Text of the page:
- The Washington Times - Monday, September 13, 2021

A federal judge has ruled in favor of a gay substitute teacher this month in a lawsuit over his being fired from a Catholic school because of his marriage to another man.

U.S. District Judge Max O. Cogburn Jr., an Obama appointee, sided with Lonnie Billard, who sued Charlotte Catholic High School in North Carolina after he was removed from substitute teaching because he chose to marry a man.

According to the federal lawsuit, Mr. Billard argued that the school discriminated against him in violation of the Civil Rights Act and removed him from its substitute teaching list after he announced on social media that he would be marrying his partner.

Charlotte Catholic High School, according to court papers, follows the Roman Catholic church’s teaching on marriage, which is that it’s a union between a man and a woman and “sexual expression belongs to husband and wife alone.”

In the past, Mecklenburg Area Catholic Schools, which is a regional school system responsible for nine schools including Charlotte Catholic High School, had fired teachers over affairs, same-sex relationships and adopting a child with a partner.

Mecklenburg Area Catholic Schools and the Roman Catholic Diocese of Charlotte were also named as defendants

Judge Cogburn reasoned that Mr. Billard had taught secular courses, mostly English, when issuing a summary judgment in favor of the former substitute teacher.

The judge said that although the school is afforded First Amendment protections, courts have recognized that “gay couples cannot be treated as social outcasts or as inferior in dignity and worth.”

“For that reason, the laws and Constitution can, and in some instances must, protect them in the exercise of their civil and employment rights,” the judge wrote.

Officials from Charlotte Catholic High School did not immediately respond to a request for comment about the ruling.

Liz Chandler, director of communications for the Catholic Diocese of Charlotte, said they disagree with the judge’s decision and are considering the next steps.

“The First Amendment, federal law, and recent Supreme Court decisions all recognize the rights of religious organizations to make employment decisions based on religious observance and preference. They do not — and should not — compel religious schools to employ teachers who publicly contradict their teachings,” she said.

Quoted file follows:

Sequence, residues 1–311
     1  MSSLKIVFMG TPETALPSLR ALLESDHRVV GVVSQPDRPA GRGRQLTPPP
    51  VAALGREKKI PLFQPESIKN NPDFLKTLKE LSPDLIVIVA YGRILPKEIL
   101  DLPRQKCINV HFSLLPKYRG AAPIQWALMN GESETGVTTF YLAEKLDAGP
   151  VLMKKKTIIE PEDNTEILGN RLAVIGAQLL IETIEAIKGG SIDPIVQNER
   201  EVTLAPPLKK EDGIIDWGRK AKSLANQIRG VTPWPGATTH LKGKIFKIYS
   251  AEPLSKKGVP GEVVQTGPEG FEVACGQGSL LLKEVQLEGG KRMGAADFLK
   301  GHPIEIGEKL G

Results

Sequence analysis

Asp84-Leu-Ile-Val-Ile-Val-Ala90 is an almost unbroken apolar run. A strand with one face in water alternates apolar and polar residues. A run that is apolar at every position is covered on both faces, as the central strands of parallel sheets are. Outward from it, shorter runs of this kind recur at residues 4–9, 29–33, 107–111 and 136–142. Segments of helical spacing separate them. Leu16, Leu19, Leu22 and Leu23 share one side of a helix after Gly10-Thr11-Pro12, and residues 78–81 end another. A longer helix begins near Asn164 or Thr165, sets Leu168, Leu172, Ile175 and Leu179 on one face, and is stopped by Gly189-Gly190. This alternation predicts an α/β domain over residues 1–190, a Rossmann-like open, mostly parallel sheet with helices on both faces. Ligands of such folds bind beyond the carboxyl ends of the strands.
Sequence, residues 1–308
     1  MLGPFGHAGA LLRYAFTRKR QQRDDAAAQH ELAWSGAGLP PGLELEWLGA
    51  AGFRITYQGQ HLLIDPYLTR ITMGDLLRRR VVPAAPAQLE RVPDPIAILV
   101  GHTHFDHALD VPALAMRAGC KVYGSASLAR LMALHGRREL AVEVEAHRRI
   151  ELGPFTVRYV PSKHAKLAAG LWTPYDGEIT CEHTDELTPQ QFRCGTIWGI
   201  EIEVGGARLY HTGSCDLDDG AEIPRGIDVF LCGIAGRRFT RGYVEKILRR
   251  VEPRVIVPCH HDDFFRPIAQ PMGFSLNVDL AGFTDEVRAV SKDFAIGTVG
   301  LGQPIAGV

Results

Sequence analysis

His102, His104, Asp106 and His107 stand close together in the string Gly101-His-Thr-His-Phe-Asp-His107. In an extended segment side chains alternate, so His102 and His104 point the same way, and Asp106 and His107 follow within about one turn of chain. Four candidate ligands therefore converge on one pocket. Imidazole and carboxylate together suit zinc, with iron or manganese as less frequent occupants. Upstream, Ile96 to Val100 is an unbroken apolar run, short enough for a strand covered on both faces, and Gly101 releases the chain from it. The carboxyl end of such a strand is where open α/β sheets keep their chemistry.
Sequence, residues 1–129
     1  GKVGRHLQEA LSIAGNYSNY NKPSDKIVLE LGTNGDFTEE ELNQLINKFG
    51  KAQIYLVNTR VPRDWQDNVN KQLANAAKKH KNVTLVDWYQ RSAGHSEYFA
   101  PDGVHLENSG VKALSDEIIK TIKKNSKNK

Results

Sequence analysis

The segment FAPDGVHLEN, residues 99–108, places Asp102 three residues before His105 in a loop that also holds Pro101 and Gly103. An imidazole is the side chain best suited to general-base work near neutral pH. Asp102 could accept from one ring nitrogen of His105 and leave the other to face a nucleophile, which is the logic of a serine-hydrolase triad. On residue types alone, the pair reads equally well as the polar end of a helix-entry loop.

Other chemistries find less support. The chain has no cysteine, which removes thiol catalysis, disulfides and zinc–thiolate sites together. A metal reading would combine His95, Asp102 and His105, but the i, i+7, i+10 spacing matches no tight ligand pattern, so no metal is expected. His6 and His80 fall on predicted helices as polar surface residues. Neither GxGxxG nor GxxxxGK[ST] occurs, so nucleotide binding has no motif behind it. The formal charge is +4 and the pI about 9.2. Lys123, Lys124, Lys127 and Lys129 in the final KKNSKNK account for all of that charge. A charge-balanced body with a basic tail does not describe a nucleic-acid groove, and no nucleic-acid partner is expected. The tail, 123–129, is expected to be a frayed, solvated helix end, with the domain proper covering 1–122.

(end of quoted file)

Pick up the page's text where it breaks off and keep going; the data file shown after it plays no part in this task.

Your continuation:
“The Catholic schools offered by the Diocese of Charlotte exist to provide high-quality education and transmit the Catholic faith to the next generation. Like all religious schools, Catholic schools are permitted to employ educators who support our Church’s teachings and will not publicly oppose them,” Ms. Chandler added. 

Mr. Billard, meanwhile, said he is relieved and feels vindicated. 

“I wish I could have remained teaching all this time,” he said, adding that the judge’s “decision validates that I did nothing wrong by being a gay man.”  
Irena Como, an attorney with the American Civil Liberties Union of North Carolina, said the judge applied Supreme Court precedent that private religious employers can’t discriminate against employees based on sex. 

“The court sent a clear message that Charlotte Catholic violated Title VII’s prohibition on sex discrimination when it fired Mr. Billard for announcing his engagement to his same-sex partner. Religious schools have the right to decide who will perform religious functions or teach religious doctrine, but when they hire employees for secular jobs they must comply with Title VII and cannot discriminate based on sexual orientation,” Ms. Como said.

The case will go to trial to determine what relief, or damages, Mr. Billard should be granted. 

Robert Tuttle, a law professor at The George Washington University, said he was not surprised by the judge’s decision.

“But it’s going to add to the conflict over the status of religious school teachers and the scope of the ministerial exception,” Mr. Tuttle said.

The ministerial exception, according to legal doctrine, prohibits applying anti-discrimination laws against religious institutions and their employees. 

• Alex Swoyer can be reached at aswoyer@washingtontimes.com.

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